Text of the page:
Macromolecular Materials and Engineering

Cover image for Vol. 298 Issue 12

December 2013

Volume 298, Issue 12

Pages 1245–1364

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      Macromol. Mater. Eng. 12/2013 (page 1245)

      Palanikkumaran Muthiah, Timothy J. Boyle and Wolfgang Sigmund

      Version of Record online: 11 DEC 2013 | DOI: 10.1002/mame.201370036

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      Cover: Cover: Rapid response characteristics of polystyrene/poly(N-isopropylacrylamide) blended nanofiber mats fabricated by electrospinning process is shown by placing a droplet (dye solution) on top of the fiber mat surface with their contact angle changing images. The fiber mat switches from superhydrophobic to superhydrophilic state in few seconds in response to changes in environmental temperature. Further details can be found in the article by Palanikkumaran Muthiah,* Timothy J. Boyle, and Wolfgang Sigmund on page 1251.

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    1. Macromol. Mater. Eng. 12/2013 (page 1246)

      Version of Record online: 11 DEC 2013 | DOI: 10.1002/mame.201370037

  3. Contents

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    2. Cover Picture
    3. Masthead
    4. Contents
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  4. Communication

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    1. Thermally Induced, Rapid Wettability Switching of Electrospun Blended Polystyrene/Poly(N-Isopropylacrylamide) Nanofiber Mats (pages 1251–1258)

      Palanikkumaran Muthiah, Timothy J. Boyle and Wolfgang Sigmund

      Version of Record online: 18 APR 2013 | DOI: 10.1002/mame.201200411

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      Polystyrene/poly(N-isopropylacrylamide) blended fiber mats with fiber diameters ranging between 380, 990, 1500, and 16 × 103 nm were studied to determine their influence on response time to change from maximum to minimum contact angle. Response time is 4–5 s on 380, 990, 1500 diameter fibers; whereas, it is more than five times slower on 16 × 103 diameter fiber.

  5. Full Papers

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    1. Blends of Plasticized Polyvinyl Butyral and Polyvinyl Chloride: Morphology Analysis in View of Recycling (pages 1259–1268)

      Amine Bendaoud, Christian Carrot, Jordan Charbonnier and Caroline Pillon

      Version of Record online: 10 MAY 2013 | DOI: 10.1002/mame.201200420

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      Blends of plasticized polyvinyl butyral (PVB) with plasticized polyvinyl chloride can be used for flooring applications. This offers a recycling route for PVB wastes from safety glasses. The morphology development during melt blending is investigated. The dimension of phases is defined by abalance between break-up and coalescence. Equations already known for drop splitting have been generalized when rupture occurs by fibrillation and capillary instability.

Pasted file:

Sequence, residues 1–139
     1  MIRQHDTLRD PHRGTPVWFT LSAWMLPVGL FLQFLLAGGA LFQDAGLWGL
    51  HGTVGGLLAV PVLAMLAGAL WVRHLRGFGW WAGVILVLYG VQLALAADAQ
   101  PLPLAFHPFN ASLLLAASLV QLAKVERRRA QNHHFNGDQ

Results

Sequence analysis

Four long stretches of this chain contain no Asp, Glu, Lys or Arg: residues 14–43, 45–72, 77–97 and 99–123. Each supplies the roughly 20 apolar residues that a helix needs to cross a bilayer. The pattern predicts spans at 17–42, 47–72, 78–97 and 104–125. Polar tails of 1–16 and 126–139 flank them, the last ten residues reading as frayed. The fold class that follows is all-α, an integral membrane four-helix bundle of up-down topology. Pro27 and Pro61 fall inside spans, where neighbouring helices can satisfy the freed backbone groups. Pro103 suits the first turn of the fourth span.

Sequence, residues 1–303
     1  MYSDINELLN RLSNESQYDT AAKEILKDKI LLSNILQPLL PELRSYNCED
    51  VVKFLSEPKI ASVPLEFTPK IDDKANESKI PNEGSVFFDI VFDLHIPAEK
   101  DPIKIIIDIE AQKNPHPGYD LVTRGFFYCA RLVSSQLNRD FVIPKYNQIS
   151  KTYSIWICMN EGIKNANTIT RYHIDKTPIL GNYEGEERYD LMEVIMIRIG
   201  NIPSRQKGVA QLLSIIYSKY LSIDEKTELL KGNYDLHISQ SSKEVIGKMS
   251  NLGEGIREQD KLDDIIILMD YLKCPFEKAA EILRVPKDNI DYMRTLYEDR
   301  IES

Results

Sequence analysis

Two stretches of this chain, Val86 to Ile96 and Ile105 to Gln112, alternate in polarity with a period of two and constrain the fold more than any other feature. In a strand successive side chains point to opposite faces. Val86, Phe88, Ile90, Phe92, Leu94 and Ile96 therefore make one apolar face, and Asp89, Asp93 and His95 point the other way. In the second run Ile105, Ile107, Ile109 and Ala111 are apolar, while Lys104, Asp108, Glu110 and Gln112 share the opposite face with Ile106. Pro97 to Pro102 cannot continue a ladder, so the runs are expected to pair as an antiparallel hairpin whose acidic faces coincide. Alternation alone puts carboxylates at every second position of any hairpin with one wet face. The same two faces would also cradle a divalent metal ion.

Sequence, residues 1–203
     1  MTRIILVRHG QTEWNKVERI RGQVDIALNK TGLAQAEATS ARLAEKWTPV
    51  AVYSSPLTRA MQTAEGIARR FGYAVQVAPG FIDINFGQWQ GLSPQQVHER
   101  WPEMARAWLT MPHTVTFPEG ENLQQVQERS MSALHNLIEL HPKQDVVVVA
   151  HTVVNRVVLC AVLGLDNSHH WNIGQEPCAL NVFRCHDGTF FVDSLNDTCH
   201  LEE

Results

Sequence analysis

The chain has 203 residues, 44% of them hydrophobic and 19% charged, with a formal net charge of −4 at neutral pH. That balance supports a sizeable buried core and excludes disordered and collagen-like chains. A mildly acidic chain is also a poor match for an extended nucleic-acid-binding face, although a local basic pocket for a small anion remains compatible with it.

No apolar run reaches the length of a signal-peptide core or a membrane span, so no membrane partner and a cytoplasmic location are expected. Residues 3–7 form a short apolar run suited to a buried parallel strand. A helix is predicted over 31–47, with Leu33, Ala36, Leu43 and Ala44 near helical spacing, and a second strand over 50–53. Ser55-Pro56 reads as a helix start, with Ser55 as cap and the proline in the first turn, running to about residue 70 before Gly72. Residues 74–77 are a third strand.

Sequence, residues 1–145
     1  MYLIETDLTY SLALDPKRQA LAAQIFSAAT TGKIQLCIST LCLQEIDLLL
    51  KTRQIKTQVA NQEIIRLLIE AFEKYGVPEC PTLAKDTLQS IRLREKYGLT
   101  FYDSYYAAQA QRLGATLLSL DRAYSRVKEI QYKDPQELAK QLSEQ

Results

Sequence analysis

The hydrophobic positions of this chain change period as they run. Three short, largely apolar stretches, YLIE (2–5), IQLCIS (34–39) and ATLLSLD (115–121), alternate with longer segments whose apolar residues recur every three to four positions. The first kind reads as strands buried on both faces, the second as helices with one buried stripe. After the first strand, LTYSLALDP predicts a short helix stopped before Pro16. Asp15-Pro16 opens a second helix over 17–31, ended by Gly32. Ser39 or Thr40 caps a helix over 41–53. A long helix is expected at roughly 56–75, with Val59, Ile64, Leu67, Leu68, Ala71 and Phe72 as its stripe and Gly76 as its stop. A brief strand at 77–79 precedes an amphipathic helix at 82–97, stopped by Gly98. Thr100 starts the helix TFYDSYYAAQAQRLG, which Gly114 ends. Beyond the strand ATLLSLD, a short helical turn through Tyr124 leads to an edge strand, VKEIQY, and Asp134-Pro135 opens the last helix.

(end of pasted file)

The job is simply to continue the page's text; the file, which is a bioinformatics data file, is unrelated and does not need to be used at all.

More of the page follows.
2. In Situ Mechanical Characterization of Short Vegetal Fibre-Reinforced High-Density Polyethylene Using X-Ray Tomography (pages 1269–1274)

      Belkhiri Kaouache, Frédéric Addiego, Jean-Marie Hiver, Olivier Ferry, Valérie Toniazzo and David Ruch

      Version of Record online: 7 MAY 2013 | DOI: 10.1002/mame.201200428

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      X-ray tomography enables the study of the matrix/fibres debonding mechanisms of high-density polyethylene/hemp fibres composites subjected to in situ tensile testing. These damage mechanisms start along fibres oriented perpendicular to the tensile direction and at the tips of fibres oriented parallel to tensile direction, characterized by the formation of micro-cracks. With increasing strain, micro-cracks grow, propagate and coalesce.

    3. Dynamics in Poly(ϵ-Caprolactone) Containing Phase Separated Epoxy Thermosets (pages 1275–1281)

      Hendrik Lützen and Andreas Hartwig

      Version of Record online: 7 MAY 2013 | DOI: 10.1002/mame.201200435

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      Dynamic phase separation processes are shown in poly(ϵ-caprolactone) containing epoxy thermosets. The formation of well distributed PCL-domains in the highly crosslinked epoxy matrix is driven by gradually increasing crystalline interactions, leading to heterogeneous polymers. A strong increase in the mechanical properties is observed during the separation process.

    4. Fabrication and Characterisation of Microgel/Polymer Composite Microfibres (pages 1282–1293)

      Dominic Kehren and Andrij Pich

      Version of Record online: 10 MAY 2013 | DOI: 10.1002/mame.201300024

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      Composite microfibres based on poly(vinyl alcohol) (PVA) and poly(N-vinylcaprolactam) microgels are fabricated by an electrospinning process. Obtained composite microfibres with variable compositions and morphologies are non-toxic, temperature-sensitive and exhibit superior swelling properties.

    5. Thermosetting Proteinaceous Plastics from Hydrolyzed Specified Risk Material (pages 1294–1303)

      Tizazu Mekonnen, Paolo Mussone, Nayef El-Thaher, Phillip Y. K. Choi and David C. Bressler

      Version of Record online: 10 MAY 2013 | DOI: 10.1002/mame.201200429

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      The bovine spongiform encephalopathy (BSE) outbreak in the last decade has led several countries to implement a ban that eliminates certain cattle tissues, known as specified risk materials (SRMs), from all animal feed, pet foods, and fertilizer applications. In this research, SRM is hydrolyzed at sub-critical conditions to break down BSE causing agents, recover safe protein hydrolyzates, and a novel technology platform is developed to convert it into plastics.